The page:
“Anti-social behavior – the new lycanthropy
The concept of Society had been getting into trouble for some time, then late one evening – as the shadows lengthened across the playing fields – Society vanished on her way home. The police couldn’t find her, neither alive nor dead (but Society had always got on their nerves).
Cheeky though she was, and Society was always answering back, she was never really bad. […] Society’s body was never found. […] In her place, goody-goody Community was creeping around the parents and teachers, repeating all of her lessons as if they were true…”
I’m a bad bad correspondent, this came out in July but I’ve only just found it in a pile of mail. The EPA were one of the strangest and strangely compelling of the “groups” haunting the 1990s small press underground. Along with the Neoist Alliance, the London Psychogeographical Association (East London Section) and countless others, they’d disseminate excellent newsletters which would rip a hole in your preconceived notions of space and time – all over breakfast.
Their earliest newsletters concerned themselves with the disappearance of a certain Dr Mintern who was last seen investigating the concept of landscape in the construction known by some as “Wessex”. Mintern had found that the landscape was actually on stilts and had then vanished into the underchalk. His discoveries were used as a way of attacking various poets in “Wessex” who were attempting to shield people from the fact that the landscape was entirely artificial by romanticising it.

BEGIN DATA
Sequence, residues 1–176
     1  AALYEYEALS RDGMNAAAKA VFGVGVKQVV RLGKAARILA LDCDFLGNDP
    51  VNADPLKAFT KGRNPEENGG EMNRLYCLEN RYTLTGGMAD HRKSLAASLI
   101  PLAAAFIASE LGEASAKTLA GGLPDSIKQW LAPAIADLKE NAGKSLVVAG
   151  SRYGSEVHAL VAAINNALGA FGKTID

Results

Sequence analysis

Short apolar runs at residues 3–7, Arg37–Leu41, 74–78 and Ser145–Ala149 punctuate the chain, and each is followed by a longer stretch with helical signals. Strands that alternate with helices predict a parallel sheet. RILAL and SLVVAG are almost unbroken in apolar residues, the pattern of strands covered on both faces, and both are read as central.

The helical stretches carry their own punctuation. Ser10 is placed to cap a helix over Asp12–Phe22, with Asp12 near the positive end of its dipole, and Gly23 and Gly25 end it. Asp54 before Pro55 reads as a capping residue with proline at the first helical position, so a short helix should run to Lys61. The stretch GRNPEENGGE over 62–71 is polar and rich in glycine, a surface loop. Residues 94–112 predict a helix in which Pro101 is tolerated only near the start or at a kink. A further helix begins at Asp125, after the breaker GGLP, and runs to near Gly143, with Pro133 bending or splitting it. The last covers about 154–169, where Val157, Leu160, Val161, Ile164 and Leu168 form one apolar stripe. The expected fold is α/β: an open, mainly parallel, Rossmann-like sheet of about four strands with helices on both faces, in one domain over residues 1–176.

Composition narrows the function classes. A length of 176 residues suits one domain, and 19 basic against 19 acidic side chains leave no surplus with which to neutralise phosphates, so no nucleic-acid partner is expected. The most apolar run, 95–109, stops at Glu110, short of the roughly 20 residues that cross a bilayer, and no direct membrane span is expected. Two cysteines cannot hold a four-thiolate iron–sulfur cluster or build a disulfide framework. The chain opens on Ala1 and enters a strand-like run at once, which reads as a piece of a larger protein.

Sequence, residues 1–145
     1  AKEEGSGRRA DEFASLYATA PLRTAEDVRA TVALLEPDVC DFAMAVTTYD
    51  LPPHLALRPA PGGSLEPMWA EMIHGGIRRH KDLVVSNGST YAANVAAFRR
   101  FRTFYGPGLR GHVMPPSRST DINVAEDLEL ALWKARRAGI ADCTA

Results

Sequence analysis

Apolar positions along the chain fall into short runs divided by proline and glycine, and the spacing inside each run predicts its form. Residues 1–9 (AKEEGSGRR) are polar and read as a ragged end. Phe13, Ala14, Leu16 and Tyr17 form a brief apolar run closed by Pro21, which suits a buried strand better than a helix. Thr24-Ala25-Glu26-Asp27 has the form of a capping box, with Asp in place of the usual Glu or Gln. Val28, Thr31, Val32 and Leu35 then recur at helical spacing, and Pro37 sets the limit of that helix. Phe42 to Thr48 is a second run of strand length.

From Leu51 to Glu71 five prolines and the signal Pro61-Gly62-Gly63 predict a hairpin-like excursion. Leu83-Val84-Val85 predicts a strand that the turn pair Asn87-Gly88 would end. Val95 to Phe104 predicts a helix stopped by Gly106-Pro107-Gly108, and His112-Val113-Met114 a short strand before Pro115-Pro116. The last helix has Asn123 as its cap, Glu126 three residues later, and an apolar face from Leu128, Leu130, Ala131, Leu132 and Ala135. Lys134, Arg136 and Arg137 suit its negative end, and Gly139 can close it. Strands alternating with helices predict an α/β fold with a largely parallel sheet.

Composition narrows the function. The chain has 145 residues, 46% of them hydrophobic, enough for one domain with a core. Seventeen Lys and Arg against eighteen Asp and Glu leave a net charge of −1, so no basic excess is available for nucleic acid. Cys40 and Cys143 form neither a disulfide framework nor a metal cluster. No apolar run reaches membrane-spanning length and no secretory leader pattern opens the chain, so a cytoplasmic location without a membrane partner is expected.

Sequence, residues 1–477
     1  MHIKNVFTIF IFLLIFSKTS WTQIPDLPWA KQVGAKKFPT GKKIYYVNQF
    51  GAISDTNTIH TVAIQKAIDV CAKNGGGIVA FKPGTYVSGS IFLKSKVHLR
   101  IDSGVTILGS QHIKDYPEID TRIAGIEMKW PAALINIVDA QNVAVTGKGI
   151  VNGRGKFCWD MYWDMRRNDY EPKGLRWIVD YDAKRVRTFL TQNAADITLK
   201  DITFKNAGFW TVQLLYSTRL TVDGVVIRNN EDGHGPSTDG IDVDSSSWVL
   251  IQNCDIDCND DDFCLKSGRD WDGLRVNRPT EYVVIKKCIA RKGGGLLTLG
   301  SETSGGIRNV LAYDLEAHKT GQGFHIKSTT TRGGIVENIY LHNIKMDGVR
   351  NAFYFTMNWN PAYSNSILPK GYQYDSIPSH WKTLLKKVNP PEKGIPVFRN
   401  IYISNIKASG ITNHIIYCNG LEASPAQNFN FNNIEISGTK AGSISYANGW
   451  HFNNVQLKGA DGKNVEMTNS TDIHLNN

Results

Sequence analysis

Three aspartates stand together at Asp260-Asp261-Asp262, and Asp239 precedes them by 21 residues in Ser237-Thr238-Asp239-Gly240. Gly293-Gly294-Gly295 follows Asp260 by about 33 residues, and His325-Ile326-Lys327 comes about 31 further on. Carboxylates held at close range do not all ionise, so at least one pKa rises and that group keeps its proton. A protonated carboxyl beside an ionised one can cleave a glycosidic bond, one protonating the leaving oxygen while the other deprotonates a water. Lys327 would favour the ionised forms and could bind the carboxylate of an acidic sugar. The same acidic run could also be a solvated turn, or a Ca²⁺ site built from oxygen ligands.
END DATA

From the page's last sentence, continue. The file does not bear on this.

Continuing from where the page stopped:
The latest issue concerns itself with childhood vs adulthood (which is to my mind the key factor in the current furore about “anti-social behaviour”). Adulthood is seen here as loss. The subject is examined through the prism of the psychogeography of Camberwick Green and its residents’ commitment to “the old ways” of witch burning.
There are some great sideswipes at Gerald Gardner and the “serious” wiccans of The Pagan Federation – although these could actually be read as celebrations by people who don’t take themselves too seriously.
This is the best thing I’ve read in ages and if this review has even slightly interested you, then I would urge you to get hold of your own copy.
Copies of the Listening Voice are available for an SAE from The EPA, 33 Hartington Road, Southampton SO14 0EW. You are strongly recommended to subscribe by sending 6 2nd class stamps to the same address.